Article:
Watson’s running ability, while not as dynamic as Lamar Jackson’s, had worried the Ravens. He was athletic enough to escape pressure and talented enough to pick apart conservative defenses. The Ravens’ game plan was bold: They wanted to be just as aggressive in passing situations, if not more so, but not so aggressive that that in their pursuit, they left scrambling holes.

Entering Week 11, coordinator Don “Wink” Martindale’s defense led the NFL in blitz rate, bringing five or more pass rushers on nearly 50% of plays, according to Only two other units were even above 40%. On Sunday, Watson dropped back to pass 37 times. According to a review of the game film, the Ravens blitzed him 19 times.

The pressure was worth the risk. When the defense did not blitz, sending only three or four rushers after Watson, he was sacked twice and finished 11-for-16 for 82 yards — a solid but decidedly unspectacular 80.7 rating.

When the defense did blitz, Watson was not only less accurate but also more turnover-prone. He dropped back 13 times against five-man rushes and attempted just seven passes, completing six for 78 yards. He otherwise scrambled twice for 10 yards and was sacked four times, including Judon’s strip-sack.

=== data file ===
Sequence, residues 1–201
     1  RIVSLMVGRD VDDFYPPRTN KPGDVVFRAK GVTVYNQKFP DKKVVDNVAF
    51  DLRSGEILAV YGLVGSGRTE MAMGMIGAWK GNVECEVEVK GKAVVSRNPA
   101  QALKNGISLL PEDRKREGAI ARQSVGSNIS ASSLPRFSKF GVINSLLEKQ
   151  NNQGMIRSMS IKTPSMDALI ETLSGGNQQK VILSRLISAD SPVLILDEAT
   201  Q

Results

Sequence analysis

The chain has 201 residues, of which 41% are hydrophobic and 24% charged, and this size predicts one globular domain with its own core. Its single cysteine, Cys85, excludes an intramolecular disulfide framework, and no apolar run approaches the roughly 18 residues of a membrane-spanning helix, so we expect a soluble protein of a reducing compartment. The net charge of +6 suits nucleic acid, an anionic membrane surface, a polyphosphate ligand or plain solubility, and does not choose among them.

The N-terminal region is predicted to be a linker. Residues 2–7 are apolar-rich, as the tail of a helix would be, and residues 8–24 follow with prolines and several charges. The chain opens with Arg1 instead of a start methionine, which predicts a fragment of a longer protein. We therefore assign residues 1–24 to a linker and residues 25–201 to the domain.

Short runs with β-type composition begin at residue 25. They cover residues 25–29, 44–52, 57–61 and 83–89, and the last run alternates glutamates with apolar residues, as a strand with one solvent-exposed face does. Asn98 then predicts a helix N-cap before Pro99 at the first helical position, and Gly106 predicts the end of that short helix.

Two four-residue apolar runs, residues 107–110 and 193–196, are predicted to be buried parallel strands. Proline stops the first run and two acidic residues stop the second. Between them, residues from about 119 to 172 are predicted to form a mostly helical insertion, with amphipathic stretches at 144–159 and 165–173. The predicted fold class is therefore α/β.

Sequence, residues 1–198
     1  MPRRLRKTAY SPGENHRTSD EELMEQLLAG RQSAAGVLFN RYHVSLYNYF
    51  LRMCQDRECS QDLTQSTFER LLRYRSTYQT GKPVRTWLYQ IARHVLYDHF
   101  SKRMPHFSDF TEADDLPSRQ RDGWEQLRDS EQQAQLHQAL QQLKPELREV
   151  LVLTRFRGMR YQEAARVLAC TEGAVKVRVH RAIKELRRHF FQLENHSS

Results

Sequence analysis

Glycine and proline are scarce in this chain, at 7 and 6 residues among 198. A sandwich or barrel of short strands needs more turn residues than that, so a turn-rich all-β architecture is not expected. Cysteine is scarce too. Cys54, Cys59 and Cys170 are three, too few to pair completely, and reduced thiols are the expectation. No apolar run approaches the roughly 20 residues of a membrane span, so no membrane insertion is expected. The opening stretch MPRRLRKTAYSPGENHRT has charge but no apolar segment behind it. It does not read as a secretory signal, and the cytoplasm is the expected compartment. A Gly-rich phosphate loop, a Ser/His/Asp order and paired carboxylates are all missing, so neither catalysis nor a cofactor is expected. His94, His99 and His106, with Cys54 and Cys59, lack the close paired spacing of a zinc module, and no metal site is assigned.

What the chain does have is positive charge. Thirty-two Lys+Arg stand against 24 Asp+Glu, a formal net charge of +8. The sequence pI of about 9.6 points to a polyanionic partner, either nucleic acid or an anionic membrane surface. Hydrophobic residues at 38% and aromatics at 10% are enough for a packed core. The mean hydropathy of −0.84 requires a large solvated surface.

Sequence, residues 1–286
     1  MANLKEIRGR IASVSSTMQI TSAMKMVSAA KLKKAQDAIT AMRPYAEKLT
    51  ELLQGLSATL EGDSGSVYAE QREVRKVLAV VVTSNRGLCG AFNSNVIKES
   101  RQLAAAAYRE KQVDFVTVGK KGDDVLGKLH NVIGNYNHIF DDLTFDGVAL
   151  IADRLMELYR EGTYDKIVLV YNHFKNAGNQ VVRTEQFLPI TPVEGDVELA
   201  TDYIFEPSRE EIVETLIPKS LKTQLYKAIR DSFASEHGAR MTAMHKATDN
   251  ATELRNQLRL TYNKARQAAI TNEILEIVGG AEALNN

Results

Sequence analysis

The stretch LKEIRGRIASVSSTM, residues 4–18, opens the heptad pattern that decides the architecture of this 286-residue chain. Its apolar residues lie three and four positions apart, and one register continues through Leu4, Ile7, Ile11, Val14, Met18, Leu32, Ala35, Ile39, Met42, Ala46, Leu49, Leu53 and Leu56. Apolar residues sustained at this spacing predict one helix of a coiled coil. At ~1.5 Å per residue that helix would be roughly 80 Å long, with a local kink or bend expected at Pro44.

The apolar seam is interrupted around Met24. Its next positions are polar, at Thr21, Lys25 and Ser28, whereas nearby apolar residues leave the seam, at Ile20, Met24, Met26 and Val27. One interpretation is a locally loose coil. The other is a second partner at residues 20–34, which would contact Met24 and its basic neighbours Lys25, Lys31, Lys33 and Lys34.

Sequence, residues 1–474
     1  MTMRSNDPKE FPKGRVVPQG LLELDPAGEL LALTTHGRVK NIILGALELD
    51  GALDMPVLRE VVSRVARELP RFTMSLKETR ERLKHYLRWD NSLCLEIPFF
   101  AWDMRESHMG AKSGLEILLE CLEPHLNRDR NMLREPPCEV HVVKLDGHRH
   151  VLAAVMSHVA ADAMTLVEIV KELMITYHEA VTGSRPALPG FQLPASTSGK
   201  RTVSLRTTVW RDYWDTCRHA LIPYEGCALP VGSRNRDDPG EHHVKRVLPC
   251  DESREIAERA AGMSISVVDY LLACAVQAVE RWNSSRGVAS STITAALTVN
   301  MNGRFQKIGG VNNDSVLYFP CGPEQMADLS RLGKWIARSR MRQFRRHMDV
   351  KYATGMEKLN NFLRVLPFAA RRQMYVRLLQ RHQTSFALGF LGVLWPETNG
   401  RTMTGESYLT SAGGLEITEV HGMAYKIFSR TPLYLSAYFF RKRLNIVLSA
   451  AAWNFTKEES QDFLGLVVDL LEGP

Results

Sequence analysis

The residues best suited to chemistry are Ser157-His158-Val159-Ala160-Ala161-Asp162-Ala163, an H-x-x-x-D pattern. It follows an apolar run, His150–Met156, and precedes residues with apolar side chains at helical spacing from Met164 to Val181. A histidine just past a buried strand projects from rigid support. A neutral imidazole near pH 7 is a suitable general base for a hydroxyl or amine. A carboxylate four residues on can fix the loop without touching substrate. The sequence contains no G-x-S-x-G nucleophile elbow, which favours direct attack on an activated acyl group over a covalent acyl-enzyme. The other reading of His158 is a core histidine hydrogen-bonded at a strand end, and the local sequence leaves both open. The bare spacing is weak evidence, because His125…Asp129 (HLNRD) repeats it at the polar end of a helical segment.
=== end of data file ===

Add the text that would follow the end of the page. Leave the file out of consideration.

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Against six-man rushes, Watson avoided taking a sack but was just 1-for-6 for 9 yards, and an ill-advised jump throw — forced in part by safety Brandon Carr, who became a seventh pass rusher as Watson scrambled his way — turned into an interception by inside linebacker Josh Bynes.

“We all know, man, you can go on a drought, and then you can catch fire in an instant,” Judon said. “You know how this league goes.”

It was a slow burn. Judon’s opening-drive sack was a tone-setter for the afternoon. The Ravens took their sweet old time bringing down Watson, but they did it again and again. With Judon’s wait-and-see sack, the defense averaged about 6 seconds per takedown. Without it, the average was still about 5 seconds. Not until Watson’s sixth and final sack did the Ravens come close to extinguishing the play in four seconds. Even that play required the left side of the Texans’ line to completely forget about blocking Judon and defensive lineman Jihad Ward.